What I find very interesting is, we're not enthralled by the ancient world, and we've escaped all kinds of ancient preconceptions and assumptions and prejudices. But, nevertheless, we still make that connection between authoritative speech and male speech.
One of the downsides of working in antiquity is that you don't have many female voices, but you certainly have a lot of male terror about the potential of women's power. It shows you very clearly that the most oppressive cultures tend to be afraid of those whom they oppress.
All religions throughout history have been concerned about - and have sometimes fought over - what it means to represent God, and they have found elegant, intriguing, and awkward ways to confront that dilemma.
I think that what will help women get into positions of power - well, day nurseries, equal pay, family-friendly working hours. And I think all that's important. I used to think it was the solution. I now think it's enabling, and it's important, but still we have got head work to do about this.
What politicians do is they never get the rhetoric wrong, and the price they pay is they don't speak the truth as they see it. Now, I will speak truth as I see it, and sometimes I don't get the rhetoric right. I think that's a fair trade-off.
In 1984, I returned to Newnham College at Cambridge University to teach after completing my Ph.D. there a couple of years earlier. Almost all of my colleagues in the university's classics department were men, and my office at the all-women's college was in the dorm.
One of its most powerful weapons has always been 'barbarity': 'we' know that 'we' are civilised by contrasting ourselves with those we deem to be un-civilised, with those who do not - or cannot be trusted to - share our values.
I was into Black Power, and my practice Oxbridge essay was a rant. The headmistress said I'd never get in with that, but she was probably wrong. I was the ideal combination: a swot who was also a bad girl.
One of the great things about history is that it sort of isn't a done deal - ever. The historical texts and the historical evidence that you use is always somehow giving you different answers because you're asking it different questions.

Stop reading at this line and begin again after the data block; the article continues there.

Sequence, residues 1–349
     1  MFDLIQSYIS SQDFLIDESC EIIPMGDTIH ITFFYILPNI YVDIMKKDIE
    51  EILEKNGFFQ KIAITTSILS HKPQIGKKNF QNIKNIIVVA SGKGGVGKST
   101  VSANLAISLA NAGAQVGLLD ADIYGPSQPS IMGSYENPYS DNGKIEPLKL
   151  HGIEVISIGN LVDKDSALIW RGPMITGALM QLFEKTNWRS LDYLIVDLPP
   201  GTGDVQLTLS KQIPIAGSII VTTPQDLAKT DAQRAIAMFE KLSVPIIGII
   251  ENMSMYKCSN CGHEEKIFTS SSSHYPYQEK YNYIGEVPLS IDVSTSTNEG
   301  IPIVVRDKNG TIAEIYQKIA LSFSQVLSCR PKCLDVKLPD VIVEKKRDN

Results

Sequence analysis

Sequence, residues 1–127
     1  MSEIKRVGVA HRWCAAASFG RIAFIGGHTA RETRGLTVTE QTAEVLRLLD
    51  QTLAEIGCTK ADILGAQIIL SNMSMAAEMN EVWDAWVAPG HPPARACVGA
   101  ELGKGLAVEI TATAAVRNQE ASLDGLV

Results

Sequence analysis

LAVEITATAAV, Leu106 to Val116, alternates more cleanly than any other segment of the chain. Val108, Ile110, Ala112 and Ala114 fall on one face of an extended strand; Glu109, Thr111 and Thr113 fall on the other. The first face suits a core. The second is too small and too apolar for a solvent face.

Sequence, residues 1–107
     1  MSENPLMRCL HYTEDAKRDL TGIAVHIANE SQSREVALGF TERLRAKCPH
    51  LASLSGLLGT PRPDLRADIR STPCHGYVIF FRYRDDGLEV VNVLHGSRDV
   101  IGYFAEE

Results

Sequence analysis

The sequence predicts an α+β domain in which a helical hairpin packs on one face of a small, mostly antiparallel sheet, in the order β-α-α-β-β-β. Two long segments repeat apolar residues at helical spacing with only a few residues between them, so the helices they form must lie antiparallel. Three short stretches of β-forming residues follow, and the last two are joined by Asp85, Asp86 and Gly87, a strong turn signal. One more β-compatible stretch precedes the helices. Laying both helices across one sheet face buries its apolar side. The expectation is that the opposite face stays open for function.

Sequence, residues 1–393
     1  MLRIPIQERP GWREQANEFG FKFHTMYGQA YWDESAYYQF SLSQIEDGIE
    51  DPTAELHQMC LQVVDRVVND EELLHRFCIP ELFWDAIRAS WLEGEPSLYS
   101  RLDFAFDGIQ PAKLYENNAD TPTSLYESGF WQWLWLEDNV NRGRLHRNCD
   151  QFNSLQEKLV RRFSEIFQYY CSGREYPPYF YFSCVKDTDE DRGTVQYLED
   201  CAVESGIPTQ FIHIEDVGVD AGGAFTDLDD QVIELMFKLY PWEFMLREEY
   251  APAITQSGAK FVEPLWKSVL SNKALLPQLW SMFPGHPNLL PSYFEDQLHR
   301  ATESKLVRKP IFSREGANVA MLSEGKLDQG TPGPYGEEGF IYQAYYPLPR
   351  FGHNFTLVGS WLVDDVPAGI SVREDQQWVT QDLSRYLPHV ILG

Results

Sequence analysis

We make two mistakes about the ancient world. One is to assume they were better than us - that, for instance, the ancient Olympics didn't involve money-making. The opposite mistake, and just as common, is to think our Olympics are much more civilised than ancient sporting competitions. Neither is true.
What is the role of an academic - no matter what they're teaching - within political debate? It has to be that they make issues more complicated. The role of the academic is to make everything less simple.
I'm exploring the long history of women, first of all, being silenced and, secondly, not being taken seriously in the political and public sphere. It's a call to action through understanding and through looking at ourselves again and trying to reformulate the whole question of women and power.
I don't think that we are completely dominated by what we have inherited from the past, but it is the case that as far back as you can go - just to Homer, but also to the literature of Rome, the literature of the Middle Ages and Renaissance - what you will find is that women's voices are not taken seriously.
Thinking through how you look to your enemies is helpful. That doesn't mean that your ideology is wrong and theirs is right, but maybe you have to recognise that they have one - and that it may be logically coherent. Which may be uncomfortable.